[People want Jesus to be their Savior, but they don't want Him to be their Lord.]
And now, as a little child, let me abide in you all this day, oh Christ, so that when you appear I may have confidence and not shrink from you in shame at your coming. For I know that you are righteous, and I am sure that I will be made righteous only by my life in you.
Think of the day ahead in terms of God with you, and visualize health, strength, guidance, purity, calm confidence, and victory as the gifts of His presence.
Proverbs 22:9 (The Message)
Generous hands are blessed hands
because they give bread to the poor.
Exodus 34: 25-29 (ESV)
The Versions of the Ten Commandments 
“You shall not offer the blood of my sacrifice with anything leavened, or let the sacrifice of the Feast of the Passover remain until the morning.
The best of the first fruits of your ground you shall bring to the house of the Lord your God.
You shall not boil a young goat in its mother's milk.”
Notes on the Scripture
Although we have gone over this several times, it might bear repeating here: In a nutshell, as Christians, we are not obligated to follow the letter of the law; but we are obligated to discern the spirit of the law and follow it. (In many cases, this makes the law much more demanding — e.g. Matthew 5.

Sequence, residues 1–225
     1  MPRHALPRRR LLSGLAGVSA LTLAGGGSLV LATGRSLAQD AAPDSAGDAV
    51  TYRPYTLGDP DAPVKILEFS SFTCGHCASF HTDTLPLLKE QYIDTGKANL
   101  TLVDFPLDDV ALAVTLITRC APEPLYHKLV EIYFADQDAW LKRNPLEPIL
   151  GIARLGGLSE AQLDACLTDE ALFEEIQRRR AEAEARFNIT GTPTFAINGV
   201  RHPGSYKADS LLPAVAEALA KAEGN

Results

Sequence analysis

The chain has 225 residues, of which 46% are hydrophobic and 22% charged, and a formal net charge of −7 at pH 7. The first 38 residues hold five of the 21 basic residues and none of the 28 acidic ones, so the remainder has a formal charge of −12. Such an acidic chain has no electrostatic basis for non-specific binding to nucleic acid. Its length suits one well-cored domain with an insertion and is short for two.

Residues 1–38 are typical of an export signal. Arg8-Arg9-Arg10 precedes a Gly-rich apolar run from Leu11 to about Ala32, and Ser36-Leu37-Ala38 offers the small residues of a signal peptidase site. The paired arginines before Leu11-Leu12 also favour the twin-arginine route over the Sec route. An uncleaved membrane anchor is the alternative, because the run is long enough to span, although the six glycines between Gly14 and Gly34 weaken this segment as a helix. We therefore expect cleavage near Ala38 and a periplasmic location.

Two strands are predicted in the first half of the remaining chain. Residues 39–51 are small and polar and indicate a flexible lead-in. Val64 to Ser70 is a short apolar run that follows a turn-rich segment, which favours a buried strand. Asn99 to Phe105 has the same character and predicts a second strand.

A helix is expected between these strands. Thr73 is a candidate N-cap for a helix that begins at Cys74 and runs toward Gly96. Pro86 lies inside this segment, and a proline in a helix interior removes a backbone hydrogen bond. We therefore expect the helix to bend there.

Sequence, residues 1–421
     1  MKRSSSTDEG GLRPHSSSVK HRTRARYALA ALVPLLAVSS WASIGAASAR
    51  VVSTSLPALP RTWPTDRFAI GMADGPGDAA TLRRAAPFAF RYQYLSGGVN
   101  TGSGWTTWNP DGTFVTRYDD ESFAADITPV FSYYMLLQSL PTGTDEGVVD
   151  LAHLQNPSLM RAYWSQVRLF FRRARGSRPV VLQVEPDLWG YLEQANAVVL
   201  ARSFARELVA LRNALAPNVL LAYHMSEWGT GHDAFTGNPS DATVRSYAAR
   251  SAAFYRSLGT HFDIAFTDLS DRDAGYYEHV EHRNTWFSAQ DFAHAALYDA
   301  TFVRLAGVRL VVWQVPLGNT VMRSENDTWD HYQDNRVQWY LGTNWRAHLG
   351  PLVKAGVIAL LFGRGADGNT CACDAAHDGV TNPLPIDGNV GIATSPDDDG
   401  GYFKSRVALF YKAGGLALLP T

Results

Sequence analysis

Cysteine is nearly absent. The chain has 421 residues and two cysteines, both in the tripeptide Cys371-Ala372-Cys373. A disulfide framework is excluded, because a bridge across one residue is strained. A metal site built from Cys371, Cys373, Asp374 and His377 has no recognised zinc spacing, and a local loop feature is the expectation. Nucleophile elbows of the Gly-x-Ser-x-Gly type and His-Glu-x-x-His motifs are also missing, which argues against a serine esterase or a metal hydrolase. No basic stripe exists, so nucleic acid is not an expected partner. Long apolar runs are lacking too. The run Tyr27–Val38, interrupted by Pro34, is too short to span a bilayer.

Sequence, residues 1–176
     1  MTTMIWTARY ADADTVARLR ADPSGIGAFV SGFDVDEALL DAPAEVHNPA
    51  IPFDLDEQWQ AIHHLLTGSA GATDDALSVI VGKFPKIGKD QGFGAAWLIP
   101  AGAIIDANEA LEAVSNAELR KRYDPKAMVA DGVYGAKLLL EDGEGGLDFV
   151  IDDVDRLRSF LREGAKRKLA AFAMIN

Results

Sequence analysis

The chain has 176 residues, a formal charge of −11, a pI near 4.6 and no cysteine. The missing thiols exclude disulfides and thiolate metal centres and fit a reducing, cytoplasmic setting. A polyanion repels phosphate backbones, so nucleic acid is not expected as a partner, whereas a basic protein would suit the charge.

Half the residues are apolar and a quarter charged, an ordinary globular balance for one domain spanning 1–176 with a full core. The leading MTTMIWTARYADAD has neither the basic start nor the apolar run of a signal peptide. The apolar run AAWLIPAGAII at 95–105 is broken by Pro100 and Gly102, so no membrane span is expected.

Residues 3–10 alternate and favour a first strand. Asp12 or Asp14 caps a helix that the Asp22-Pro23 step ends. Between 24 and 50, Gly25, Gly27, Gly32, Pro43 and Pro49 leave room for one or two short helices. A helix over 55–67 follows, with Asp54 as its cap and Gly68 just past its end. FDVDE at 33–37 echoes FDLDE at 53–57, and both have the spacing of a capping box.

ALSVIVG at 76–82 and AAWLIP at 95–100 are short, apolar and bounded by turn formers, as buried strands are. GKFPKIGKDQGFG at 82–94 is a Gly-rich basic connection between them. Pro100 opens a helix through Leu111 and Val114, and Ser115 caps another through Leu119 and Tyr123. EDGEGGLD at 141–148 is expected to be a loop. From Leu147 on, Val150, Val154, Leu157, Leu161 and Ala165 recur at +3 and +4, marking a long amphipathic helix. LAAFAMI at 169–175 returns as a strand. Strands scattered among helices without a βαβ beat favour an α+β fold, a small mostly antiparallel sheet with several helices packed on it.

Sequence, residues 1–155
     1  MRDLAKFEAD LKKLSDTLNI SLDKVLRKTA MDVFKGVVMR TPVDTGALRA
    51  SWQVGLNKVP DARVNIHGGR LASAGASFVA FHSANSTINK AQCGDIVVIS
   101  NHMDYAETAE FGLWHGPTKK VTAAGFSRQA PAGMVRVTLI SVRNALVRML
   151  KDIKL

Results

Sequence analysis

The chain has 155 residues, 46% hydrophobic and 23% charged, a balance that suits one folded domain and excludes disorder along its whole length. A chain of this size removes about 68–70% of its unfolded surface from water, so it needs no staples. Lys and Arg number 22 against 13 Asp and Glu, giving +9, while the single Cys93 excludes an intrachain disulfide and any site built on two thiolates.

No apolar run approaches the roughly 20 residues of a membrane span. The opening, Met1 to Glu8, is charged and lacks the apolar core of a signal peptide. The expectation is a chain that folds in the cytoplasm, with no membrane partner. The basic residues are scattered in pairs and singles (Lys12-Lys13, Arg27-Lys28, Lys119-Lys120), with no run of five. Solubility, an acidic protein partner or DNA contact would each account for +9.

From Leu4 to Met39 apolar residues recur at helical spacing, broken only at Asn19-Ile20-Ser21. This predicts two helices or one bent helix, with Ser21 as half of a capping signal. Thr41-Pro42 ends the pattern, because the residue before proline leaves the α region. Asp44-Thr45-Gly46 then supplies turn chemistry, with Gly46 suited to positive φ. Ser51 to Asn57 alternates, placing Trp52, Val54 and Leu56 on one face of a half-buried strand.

To divide the laws of Exodus 34 into ten "commandments" — the Hebrew word used to describe them is actually "ten words" or "ten matters" — the most logical scheme (or at least, one logical scheme) is to separate these three as commandments 8, 9 and 10. These look very odd to us, accustomed as we are to hearing "thou shalt not steal". But just because they are difficult for us to understand and apply to our modern lives does not make them less important.
If you think of the crucifixion, you will remember that Christ's body was not allowed to hang on the cross. He was the ultimate Passover sacrifice and was, in accordance with the first of the laws stated in today's Scripture, consumed (by being put into a sealed tomb) at sundown on Passover.